Potential role for pharmacogenomic testing in combating opioid epidemic

Potential role for pharmacogenomic testing in combating opioid epidemic

Anna K Hanson, PharmD, Essentia Health

Background: The Centers for Disease Control and Prevention estimates that 130 Americans die each day from an opioid overdose, with a six-fold increase in deaths from 1999 to 2017. In addition to lives lost, the cost of medical management of patients with opioid abuse and addiction is estimated at $29.4 billion each year. Considering the magnitude and continued escalation of the opioid epidemic, it is likely a multi-faceted approach is necessary to address it. Marcalus and Bristow-Marcalus suggest that pharmacogenomic testing is one such avenue to fight the opioid epidemic. 

Evidence: The well-documented metabolic pathway of codeine and morphine offers some insight into the pharmacogenomic variations of patients’ response to opioid therapy for pain. Metabolized by the enzyme cytochrome P450 2D6 (CYP2D6), codeine is altered to its highly active metabolite, morphine. According to Marcalus and Bristow-Marcalus, patients who are ultrarapid or poor metabolizers of codeine are at increased risk of abuse due to the unexpectedly high or low conversion of codeine, respectively. Patients with these phenotypes represent a significant portion of the U.S. population, with 6% being ultrarapid and 12% being poor metabolizers of CYP2D6. Guidelines by the Clinical Pharmacogenomics Implementation Consortium (CPIC) describe codeine prescribing recommendations based on metabolism status which could provide guidance for prescribers after pharmacogenomic testing has been performed. According to Crews et al, other opioids such as tramadol, hydrocodone, and oxycodone also undergo metabolism by CYP2D6 and are potentially affected by genetic variants.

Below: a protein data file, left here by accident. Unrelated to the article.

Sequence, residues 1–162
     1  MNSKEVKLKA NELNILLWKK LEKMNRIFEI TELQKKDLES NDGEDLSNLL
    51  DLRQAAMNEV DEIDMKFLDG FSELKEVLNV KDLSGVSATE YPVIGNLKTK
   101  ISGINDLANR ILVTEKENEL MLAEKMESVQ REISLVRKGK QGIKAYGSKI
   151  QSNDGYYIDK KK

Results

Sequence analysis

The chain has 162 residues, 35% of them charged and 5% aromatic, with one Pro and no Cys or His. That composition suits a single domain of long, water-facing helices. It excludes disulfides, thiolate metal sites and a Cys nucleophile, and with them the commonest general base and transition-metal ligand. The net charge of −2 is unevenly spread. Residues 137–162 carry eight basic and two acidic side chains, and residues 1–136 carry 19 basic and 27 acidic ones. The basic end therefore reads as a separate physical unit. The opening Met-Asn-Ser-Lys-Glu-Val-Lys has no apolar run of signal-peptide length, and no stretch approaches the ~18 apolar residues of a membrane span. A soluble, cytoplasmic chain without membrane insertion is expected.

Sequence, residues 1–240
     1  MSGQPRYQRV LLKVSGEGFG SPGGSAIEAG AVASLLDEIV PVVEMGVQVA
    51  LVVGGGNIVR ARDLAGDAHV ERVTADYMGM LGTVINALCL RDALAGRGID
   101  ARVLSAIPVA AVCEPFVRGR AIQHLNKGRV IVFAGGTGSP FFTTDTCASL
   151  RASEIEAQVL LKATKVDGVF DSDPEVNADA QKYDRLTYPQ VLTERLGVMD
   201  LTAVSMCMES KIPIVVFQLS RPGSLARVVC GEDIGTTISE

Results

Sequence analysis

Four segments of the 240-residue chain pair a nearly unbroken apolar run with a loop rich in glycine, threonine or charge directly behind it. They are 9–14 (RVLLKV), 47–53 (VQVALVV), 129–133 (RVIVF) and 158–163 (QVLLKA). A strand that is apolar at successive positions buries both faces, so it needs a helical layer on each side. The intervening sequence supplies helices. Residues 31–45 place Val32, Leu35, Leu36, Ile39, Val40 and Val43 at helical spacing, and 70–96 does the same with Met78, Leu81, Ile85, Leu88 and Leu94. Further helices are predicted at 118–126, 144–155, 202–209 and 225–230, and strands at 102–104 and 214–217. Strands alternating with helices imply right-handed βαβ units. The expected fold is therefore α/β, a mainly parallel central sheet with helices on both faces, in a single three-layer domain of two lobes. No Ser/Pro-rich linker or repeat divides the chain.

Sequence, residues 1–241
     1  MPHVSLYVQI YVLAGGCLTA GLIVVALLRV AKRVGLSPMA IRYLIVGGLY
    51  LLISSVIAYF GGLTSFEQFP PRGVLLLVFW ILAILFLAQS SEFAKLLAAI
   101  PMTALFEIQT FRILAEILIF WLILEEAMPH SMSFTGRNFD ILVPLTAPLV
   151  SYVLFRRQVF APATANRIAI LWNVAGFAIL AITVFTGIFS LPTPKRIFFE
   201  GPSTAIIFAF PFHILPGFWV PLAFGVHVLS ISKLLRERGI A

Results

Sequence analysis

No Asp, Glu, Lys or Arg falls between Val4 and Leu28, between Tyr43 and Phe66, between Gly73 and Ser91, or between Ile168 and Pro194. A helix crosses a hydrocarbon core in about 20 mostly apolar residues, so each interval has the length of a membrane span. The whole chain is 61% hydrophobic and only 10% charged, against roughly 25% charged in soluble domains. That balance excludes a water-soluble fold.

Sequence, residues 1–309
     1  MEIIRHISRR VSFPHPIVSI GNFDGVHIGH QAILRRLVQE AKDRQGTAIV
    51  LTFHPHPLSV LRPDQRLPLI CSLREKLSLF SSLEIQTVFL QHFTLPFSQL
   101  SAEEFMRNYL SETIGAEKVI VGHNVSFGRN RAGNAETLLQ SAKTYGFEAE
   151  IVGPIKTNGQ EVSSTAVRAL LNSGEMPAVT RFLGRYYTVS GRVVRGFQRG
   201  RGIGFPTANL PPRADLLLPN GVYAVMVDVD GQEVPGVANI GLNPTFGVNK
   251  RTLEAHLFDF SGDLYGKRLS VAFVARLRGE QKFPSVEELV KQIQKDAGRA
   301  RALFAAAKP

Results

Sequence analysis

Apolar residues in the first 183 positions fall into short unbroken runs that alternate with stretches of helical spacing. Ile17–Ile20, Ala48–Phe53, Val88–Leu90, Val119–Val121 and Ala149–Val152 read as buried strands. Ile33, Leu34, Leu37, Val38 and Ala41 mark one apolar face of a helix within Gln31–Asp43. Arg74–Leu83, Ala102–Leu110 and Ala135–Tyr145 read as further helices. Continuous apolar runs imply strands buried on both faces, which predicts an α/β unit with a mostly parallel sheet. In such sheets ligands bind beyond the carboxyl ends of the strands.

Discussion: Marcalus and Bristow-Marcalus suggest the optimal time to assess pharmacogenomics can occur at two points of care: during preoperative screening and at time of referral to a pain specialist. Knowledge of patients’ genetics at these crossroads can help guide treatment to find appropriate therapeutic doses of opioids or direct treatment toward nonopioid pain management. In addition, use of genetic testing may facilitate an open discussion concerning the appropriateness of opioid therapy for a given patient and increase patient satisfaction by providing individualized care. As with any new clinical advancement, the implementation of pharmacogenomics is not without obstacles. The use of pharmacogenomics will require education as to the interpretation and application of the new data and present other hurdles involving cost and navigation of third-party reimbursement. The global nature of comprehensive medication management (CMM) provides an excellent avenue for the incorporation of pharmacogenomics to critically evaluate gene-drug interactions and previous opioid history. This integration of pharmacogenomic testing also creates the opportunity for complete medication reviews and a gateway for expansion of broader CMM services.

Conclusion: The implementation of pharmacogenomics in opioid prescribing may be one tool in a multi-faceted approach to combat the opioid epidemic. While not without barriers, the application of pharmacogenomics in this manner may provide a more individualized approach to optimal opioid prescribing, reduce morbidity and mortality related to opioid abuse, and, as discussed by Marcalus and Bristow-Marcalus, could provide annual cost savings up to $14,000 per patient. CMM pharmacists are uniquely positioned to provide pharmacogenomic consulting services that will have an impact on patients at risk of opioid addiction and abuse.

References:

  1. Marcalus SJ, Bristow-Marcalus S. Combating opioid addiction and abuse - 2 ways to effectively intervene in the cycle of addiction through pharmacogenomics. JAPhA. 2019:59(4):469-473. doi:10.1016/j.japh.2019.04.016.

  2. Centers for Disease Control and Prevention. Opioid overdose: Understanding the epidemic. https://www.cdc.gov/drugoverdose/epidemic/index.html. Updated December 19, 2018. Accessed August 11, 2019.

  3. Crews KR, Gaedigk A, Dunnenberger HM, et al. Clinical Pharmacogenetics Implementation Consortium (CPIC) guidelines for codeine therapy in the context of cytochrome P450 2D6 (CYP2D6) genotype. Clin Pharmacol Ther. 2012:91(2):321-326. doi:10.1038/clpt.2011.287.